Qatar, Turkey to hold joint naval drills in Persian Gulf: Report
Qatar says it is reportedly set to hold joint naval exercises with Turkey in the Persian Gulf waters as part of joint efforts to fight terrorism in the region.
The Qatari Defense Ministry said the Turkish warship TCG Gokova had docked at Hamad Port to take part in the drills, the Doha-based al-Sharq newspaper reported on Monday, without giving a date.
The most advanced Turkish military vessel will also join the maneuvers, the report added.
The naval exercises will be held in the framework of military cooperation and between Ankara and Doha to combat terrorism, according to the report.
The drills come at a time when Saudi Arabia, Egypt, Bahrain and the United Arab Emirates (UAE) have imposed a trade and diplomatic embargo on Qatar, accusing Doha of supporting terrorism.
They presented Qatar with a list of wide-ranging demands and gave it an ultimatum to comply with them or face unspecified consequences.
The demands included removing Turkish troops from Qatar’s soil, shutting down the broadcaster Al Jazeera, scaling back cooperation with Iran and ending ties with Egypt’s Muslim Brotherhood movement.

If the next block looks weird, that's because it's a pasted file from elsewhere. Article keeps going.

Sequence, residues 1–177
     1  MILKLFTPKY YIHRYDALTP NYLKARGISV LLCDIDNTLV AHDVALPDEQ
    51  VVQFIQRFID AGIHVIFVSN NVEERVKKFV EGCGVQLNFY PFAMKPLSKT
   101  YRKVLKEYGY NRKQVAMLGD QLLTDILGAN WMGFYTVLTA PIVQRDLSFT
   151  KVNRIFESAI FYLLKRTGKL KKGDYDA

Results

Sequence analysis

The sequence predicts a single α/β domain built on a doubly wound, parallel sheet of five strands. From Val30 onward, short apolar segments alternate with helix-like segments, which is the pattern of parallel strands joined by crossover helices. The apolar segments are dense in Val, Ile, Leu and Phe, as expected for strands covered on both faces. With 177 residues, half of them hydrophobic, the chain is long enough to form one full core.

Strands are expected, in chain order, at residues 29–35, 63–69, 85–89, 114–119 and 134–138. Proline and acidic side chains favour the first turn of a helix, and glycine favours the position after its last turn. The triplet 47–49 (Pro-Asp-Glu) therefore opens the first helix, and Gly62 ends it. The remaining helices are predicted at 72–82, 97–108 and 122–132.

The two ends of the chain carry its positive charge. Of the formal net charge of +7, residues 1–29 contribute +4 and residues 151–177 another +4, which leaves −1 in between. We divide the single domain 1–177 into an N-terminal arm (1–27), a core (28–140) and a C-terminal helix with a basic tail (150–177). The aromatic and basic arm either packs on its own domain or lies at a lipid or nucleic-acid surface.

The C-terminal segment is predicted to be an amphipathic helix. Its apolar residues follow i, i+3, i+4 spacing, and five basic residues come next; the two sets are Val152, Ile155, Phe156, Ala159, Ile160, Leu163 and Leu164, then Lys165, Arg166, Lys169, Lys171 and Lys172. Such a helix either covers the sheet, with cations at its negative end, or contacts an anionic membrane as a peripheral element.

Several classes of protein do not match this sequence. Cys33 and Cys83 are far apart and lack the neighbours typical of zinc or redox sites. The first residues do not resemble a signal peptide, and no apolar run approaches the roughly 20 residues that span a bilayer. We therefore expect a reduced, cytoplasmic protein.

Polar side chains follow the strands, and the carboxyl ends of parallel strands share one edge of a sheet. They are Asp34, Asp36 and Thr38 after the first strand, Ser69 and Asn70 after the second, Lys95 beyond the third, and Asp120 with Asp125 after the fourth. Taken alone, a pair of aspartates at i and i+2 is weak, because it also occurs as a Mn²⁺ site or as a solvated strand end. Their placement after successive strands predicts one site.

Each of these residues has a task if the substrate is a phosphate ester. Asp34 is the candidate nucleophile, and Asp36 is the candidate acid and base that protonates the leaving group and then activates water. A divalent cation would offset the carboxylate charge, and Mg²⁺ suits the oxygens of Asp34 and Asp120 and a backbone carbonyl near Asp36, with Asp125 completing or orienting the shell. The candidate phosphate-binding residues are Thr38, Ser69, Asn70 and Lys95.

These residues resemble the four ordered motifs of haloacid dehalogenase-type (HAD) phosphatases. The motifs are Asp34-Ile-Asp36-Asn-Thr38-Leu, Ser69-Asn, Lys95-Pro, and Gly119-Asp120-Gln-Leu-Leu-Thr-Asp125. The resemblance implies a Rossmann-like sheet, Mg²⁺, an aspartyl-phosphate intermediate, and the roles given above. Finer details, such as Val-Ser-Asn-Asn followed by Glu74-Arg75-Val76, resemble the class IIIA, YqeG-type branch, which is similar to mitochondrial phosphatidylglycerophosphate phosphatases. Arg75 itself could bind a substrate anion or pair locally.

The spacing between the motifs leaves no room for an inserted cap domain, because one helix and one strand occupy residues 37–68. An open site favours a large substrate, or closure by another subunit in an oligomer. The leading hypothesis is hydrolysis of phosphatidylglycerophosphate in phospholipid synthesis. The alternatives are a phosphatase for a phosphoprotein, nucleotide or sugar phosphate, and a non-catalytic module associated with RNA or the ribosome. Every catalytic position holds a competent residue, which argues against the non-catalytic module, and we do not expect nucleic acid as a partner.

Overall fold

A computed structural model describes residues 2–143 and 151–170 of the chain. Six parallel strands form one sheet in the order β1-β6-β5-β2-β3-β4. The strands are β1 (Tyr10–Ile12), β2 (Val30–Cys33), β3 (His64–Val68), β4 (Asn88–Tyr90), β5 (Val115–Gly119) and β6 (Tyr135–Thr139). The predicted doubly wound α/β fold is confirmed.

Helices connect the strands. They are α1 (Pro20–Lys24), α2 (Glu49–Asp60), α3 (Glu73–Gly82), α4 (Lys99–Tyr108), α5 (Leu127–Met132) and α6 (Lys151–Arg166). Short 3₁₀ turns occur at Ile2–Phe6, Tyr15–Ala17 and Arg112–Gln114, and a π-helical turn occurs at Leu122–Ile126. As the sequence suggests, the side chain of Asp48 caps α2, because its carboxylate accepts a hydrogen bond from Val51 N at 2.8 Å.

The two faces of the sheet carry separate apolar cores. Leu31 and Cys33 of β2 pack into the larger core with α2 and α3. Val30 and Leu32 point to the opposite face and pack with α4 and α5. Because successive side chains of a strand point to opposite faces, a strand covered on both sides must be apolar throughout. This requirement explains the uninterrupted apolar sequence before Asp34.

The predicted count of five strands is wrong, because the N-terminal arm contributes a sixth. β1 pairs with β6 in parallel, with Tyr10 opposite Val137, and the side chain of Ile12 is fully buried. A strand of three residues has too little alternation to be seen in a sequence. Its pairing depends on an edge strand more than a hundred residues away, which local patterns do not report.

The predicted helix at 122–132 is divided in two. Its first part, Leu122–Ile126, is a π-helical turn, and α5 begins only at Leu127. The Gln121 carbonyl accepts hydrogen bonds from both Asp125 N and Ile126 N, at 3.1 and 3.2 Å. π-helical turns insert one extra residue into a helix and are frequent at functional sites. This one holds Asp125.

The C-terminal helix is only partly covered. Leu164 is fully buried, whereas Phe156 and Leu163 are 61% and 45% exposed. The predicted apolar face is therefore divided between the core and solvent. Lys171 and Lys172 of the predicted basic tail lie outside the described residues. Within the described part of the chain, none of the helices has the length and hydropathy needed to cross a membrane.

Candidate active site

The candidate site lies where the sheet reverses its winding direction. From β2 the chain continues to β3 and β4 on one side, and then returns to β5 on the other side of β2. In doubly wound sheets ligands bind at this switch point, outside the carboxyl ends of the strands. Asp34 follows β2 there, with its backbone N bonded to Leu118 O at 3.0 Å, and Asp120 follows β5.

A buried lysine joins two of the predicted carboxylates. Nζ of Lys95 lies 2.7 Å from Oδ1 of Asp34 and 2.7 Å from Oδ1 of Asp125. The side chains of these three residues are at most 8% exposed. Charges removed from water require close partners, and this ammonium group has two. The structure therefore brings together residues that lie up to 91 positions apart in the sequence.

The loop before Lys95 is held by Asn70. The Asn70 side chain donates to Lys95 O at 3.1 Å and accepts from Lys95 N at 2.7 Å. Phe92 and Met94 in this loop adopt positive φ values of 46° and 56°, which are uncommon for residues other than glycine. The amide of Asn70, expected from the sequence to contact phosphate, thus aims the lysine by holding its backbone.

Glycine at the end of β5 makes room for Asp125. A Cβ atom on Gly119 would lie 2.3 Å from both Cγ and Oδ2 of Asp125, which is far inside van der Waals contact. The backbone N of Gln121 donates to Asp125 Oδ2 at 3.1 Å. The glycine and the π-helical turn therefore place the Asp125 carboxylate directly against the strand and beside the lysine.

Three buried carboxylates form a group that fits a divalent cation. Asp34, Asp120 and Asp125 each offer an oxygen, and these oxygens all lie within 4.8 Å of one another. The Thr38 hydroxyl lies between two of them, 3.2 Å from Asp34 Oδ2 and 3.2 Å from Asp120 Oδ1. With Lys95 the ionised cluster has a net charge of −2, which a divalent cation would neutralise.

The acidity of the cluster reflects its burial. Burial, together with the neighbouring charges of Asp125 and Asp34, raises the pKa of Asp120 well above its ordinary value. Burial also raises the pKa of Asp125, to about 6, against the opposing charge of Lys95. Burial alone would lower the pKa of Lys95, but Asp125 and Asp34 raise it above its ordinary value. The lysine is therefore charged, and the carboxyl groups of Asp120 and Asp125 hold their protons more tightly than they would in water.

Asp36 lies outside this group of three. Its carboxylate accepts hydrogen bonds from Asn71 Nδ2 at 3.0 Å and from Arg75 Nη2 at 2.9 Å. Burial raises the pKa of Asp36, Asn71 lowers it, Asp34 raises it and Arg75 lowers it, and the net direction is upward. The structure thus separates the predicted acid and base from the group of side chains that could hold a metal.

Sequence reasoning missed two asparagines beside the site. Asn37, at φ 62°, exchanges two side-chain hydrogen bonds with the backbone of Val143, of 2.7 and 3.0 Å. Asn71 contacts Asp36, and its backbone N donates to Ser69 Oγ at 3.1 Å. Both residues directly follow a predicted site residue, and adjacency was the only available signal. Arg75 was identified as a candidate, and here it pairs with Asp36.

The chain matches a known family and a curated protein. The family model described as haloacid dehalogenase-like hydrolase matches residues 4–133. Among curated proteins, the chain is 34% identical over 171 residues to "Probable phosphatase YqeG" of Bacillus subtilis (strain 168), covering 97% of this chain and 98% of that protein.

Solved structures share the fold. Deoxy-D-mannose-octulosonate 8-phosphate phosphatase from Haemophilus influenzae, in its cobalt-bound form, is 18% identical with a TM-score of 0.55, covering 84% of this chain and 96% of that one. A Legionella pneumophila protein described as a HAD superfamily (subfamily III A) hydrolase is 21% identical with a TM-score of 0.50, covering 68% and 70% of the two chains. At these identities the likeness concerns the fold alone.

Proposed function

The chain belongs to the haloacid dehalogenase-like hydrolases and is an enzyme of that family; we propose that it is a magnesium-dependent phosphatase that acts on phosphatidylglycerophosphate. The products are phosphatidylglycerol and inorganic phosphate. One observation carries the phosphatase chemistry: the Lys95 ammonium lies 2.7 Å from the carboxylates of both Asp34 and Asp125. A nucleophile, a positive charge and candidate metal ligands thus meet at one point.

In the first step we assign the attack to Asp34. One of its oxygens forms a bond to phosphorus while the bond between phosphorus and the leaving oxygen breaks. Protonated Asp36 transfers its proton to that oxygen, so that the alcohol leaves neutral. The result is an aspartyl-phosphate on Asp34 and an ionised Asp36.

Doha has, however, denounced the demands as unreasonable, refused to meet them, and said that they were meant to force the country to surrender its sovereignty.
Turkey has signaled support for Qatar following the country’s isolation by several of its neighbors. It has also sent food aid to the Persian Gulf state.
Ankara has stepped up mediation efforts to settle the dispute, but it has failed to help bring the feuding sides closer to one another.
Late last month, Turkish President Recep Tayyip Erdogan wrapped up a tour of Arab countries with no breakthrough in the Qatar crisis resolution.
Last week, Qatari Minister of State for Defense Affairs Khalid bin Mohammad al-Attiyah told RT Arabic that his country’s military was in the final stages of preparations for joint exercises with the US and Turkish forces.
He further hailed the “special strategic relationship” between Qatar and Turkey, adding that the 2015 military agreement between the two states “can’t be annulled only because some countries decided to announce a blockade of Qatar.”